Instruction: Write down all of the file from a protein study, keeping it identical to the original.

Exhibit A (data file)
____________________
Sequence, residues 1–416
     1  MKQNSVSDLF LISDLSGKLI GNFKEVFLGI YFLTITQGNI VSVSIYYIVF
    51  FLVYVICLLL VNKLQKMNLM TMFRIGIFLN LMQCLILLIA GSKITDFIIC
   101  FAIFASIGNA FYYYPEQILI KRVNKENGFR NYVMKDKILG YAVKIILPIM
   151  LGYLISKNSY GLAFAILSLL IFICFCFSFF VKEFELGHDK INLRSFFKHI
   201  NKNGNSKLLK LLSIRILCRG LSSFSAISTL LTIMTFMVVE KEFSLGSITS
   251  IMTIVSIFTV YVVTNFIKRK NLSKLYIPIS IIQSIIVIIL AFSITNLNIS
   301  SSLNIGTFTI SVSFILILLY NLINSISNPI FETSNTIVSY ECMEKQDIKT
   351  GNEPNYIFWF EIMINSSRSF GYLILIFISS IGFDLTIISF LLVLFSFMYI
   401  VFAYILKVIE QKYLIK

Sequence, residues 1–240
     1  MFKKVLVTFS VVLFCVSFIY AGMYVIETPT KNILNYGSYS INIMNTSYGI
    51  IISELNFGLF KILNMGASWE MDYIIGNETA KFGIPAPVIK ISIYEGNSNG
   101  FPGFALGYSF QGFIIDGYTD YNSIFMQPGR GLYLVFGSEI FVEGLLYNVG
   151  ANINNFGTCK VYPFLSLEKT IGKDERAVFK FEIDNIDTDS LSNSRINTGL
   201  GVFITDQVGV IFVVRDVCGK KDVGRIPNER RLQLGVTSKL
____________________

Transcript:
Sequence, residues 1–416
     1  MKQNSVSDLF LISDLSGKLI GNFKEVFLGI YFLTITQGNI VSVSIYYIVF
    51  FLVYVICLLL VNKLQKMNLM TMFRIGIFLN LMQCLILLIA GSKITDFIIC
   101  FAIFASIGNA FYYYPEQILI KRVNKENGFR NYVMKDKILG YAVKIILPIM
   151  LGYLISKNSY GLAFAILSLL IFICFCFSFF VKEFELGHDK INLRSFFKHI
   201  NKNGNSKLLK LLSIRILCRG LSSFSAISTL LTIMTFMVVE KEFSLGSITS
   251  IMTIVSIFTV YVVTNFIKRK NLSKLYIPIS IIQSIIVIIL AFSITNLNIS
   301  SSLNIGTFTI SVSFILILLY NLINSISNPI FETSNTIVSY ECMEKQDIKT
   351  GNEPNYIFWF EIMINSSRSF GYLILIFISS IGFDLTIISF LLVLFSFMYI
   401  VFAYILKVIE QKYLIK

Sequence, residues 1–240
     1  MFKKVLVTFS VVLFCVSFIY AGMYVIETPT KNILNYGSYS INIMNTSYGI
    51  IISELNFGLF KILNMGASWE MDYIIGNETA KFGIPAPVIK ISIYEGNSNG
   101  FPGFALGYSF QGFIIDGYTD YNSIFMQPGR GLYLVFGSEI FVEGLLYNVG
   151  ANINNFGTCK VYPFLSLEKT IGKDERAVFK FEIDNIDTDS LSNSRINTGL
   201  GVFITDQVGV IFVVRDVCGK KDVGRIPNER RLQLGVTSKL